Why is the number of SF COVID cases so much higher now than in the US?

Earlier this spring, the city’s confirmed new cases rose above those in the US. On May 3, the number of cases in San Francisco doubled that in the US. As of May 10, the national daily number of cases was about 23 new cases per 100,000 people, while in SF the rate was 42 per 100,000, according to New York Times data analyzed by The Chronicle.

Peter Chin-Hong, an infectious disease expert at UCSF, said the current high rates of disease in San Francisco are likely due to the city’s relative protection from the disease over the past two years, coupled with city dwellers who take more risks as local pandemic-era restrictions and messages disappear.

“You can only protect yourself for so long,” Chin-Hong said. “If people are tired or tired for various reasons, and you’re moving, you’re at increased risk.”

Because San Francisco has done such a good job of preventing its residents from becoming infected during most of the pandemic, he explained that fewer San Franciscans have been given immunity to previous illnesses, so they are generally more likely to get sick at this point. to contract COVID-19 than other residents of other cities.

And while a higher proportion of San Franciscans are vaccinated than the US as a whole, COVID-19 vaccines have become less effective at preventing infection because the coronavirus strains have mutated, he added.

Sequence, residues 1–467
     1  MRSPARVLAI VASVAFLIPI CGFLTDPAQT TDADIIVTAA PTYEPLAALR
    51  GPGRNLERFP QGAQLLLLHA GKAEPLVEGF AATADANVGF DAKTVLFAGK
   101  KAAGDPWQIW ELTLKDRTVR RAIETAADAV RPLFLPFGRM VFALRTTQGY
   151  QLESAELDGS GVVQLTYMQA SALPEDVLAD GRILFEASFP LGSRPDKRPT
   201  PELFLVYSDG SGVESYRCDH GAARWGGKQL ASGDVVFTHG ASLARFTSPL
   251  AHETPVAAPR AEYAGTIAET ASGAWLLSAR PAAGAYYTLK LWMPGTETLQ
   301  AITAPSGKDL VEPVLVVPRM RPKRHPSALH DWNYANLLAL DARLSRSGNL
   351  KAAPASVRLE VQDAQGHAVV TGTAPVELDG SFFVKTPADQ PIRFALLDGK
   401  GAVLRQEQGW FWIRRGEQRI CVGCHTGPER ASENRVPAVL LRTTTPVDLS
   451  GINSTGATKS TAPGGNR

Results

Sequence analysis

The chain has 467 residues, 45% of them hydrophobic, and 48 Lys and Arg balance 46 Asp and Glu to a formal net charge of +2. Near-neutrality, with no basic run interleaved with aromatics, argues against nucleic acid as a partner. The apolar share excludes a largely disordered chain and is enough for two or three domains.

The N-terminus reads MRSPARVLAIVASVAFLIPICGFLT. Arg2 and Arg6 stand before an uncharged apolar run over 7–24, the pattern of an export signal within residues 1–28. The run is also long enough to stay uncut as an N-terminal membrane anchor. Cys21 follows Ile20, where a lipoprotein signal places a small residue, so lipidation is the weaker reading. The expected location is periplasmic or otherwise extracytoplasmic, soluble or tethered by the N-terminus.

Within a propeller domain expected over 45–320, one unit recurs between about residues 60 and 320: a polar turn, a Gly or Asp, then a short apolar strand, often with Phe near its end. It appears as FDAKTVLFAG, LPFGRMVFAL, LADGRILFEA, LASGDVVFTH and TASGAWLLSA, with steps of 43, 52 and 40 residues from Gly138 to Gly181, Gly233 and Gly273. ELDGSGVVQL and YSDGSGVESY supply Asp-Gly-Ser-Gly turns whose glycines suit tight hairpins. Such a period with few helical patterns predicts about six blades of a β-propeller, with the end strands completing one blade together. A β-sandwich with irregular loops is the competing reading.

While a COVID-19 surge is never good news, Chin-Hong said the rise in cases so far has not resulted in a large corresponding increase in hospitalizations — likely because of the number of San Franciscans being vaccinated and encouraged. . † Vaccines may have become less effective at protecting infection as the virus mutates, but they are still excellent at preventing serious illness and death.

“If I had to choose one evil over another, I would definitely pick people who don’t really get sick,” Chin-Hong said.

Hospital admissions in San Francisco have increased since April, but are still well below the level of previous waves, according to city data. The city’s average hospitalization rate as of May 9 was 6.4 per 100,000 people, higher than the current US rate of 4.5 per 100,000, but a narrower gap than what would be expected given the difference in the number of cases.

A similar phenomenon is paying off in San Francisco at the neighborhood level: Right now, for the first time since the start of the pandemic, wealthier neighborhoods in the city have seen a sustained period of higher rates of illness than those with lower incomes.

As The Chronicle previously reported, this is likely because previous waves, most notably the January omicron tidal wave, gave lower-income neighborhoods an immunity boost that helps them combat this current wave.

Leave a Comment